The Internet of Things (IoT) promises to create new business models as significant as those that were inspired by the Internet and the smartphone 20 and 10 years ago. What business, social and practical implications will this phenomenon bring? That's the subject of "Monetizing the Internet of Things: Perspectives from the Front Lines," an e-book released today and available free of charge from Aria Systems, the leading innovator in recurring revenue management.
    The Internet of Things will put IT to its ultimate test by creating infinite new opportunities to digitize products and services, generate and analyze new data to improve customer satisfaction, and discover new ways to gain a competitive advantage across nearly every industry. In order to help corporate business units to capitalize on the rapidly evolving IoT opportunities, IT must stand up to a new set of challenges.
    There’s Big Data, then there’s really Big Data from the Internet of Things. IoT is evolving to include many data possibilities like new types of event, log and network data. The volumes are enormous, generating tens of billions of logs per day, which raise data challenges. Early IoT deployments are relying heavily on both the cloud and managed service providers to navigate these challenges. In her session at 6th Big Data Expo®, Hannah Smalltree, Director at Treasure Data, to discuss how IoT, Big Data and deployments are processing massive data volumes from wearables, utilities and other machines.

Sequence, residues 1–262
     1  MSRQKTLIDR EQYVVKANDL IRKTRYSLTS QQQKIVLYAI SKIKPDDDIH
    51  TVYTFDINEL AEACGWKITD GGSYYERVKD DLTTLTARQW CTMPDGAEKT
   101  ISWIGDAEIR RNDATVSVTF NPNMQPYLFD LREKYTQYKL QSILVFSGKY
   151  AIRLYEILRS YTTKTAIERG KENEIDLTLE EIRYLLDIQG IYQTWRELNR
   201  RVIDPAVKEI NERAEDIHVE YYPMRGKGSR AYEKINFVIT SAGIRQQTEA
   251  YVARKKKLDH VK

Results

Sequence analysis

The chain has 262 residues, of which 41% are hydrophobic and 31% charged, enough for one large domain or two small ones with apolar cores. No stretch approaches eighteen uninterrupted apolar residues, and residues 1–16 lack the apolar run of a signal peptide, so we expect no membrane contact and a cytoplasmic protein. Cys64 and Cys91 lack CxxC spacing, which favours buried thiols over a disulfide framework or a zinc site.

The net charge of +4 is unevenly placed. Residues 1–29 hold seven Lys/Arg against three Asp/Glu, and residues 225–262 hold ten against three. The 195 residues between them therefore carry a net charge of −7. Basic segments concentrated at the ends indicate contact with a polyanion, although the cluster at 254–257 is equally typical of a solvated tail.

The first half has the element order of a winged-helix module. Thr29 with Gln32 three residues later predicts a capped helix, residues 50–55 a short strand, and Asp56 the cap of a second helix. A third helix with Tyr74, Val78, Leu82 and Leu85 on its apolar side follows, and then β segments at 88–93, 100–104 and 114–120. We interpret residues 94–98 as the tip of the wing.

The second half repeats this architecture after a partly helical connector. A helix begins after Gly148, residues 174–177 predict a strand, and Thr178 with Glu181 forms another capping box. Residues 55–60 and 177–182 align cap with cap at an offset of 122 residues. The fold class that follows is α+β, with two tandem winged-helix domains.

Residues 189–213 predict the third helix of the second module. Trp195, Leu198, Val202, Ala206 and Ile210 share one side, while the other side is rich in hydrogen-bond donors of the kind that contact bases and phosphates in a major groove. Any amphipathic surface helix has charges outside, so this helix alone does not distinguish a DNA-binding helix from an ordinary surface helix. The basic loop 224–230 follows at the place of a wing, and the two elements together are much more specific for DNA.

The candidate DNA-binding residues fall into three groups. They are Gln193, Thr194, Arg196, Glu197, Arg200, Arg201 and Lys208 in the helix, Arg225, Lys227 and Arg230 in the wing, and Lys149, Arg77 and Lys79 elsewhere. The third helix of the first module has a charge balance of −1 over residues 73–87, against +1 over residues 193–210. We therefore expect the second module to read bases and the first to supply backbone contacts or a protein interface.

All major researchers estimate there will be tens of billions devices – computers, smartphones, tablets, and sensors – connected to the Internet by 2020. This number will continue to grow at a rapid pace for the next several decades. With major technology companies and startups seriously embracing IoT strategies, now is the perfect time to attend @ThingsExpo in Silicon Valley. Learn what is going on, contribute to the discussions, and ensure that your enterprise is as "IoT-Ready" as it can be!
    P2P RTC will impact the landscape of communications, shifting from traditional telephony style communications models to OTT (Over-The-Top) cloud assisted & PaaS (Platform as a Service) communication services. The P2P shift will impact many areas of our lives, from mobile communication, human interactive web services, RTC and telephony infrastructure, user federation, security and privacy implications, business costs, and scalability. In his session at Internet of @ThingsExpo, Erik Lagerway, Co-founder of Hookflash, will walk through the shifting landscape of traditional telephone and voice services to the modern P2P RTC era of OTT cloud assisted services.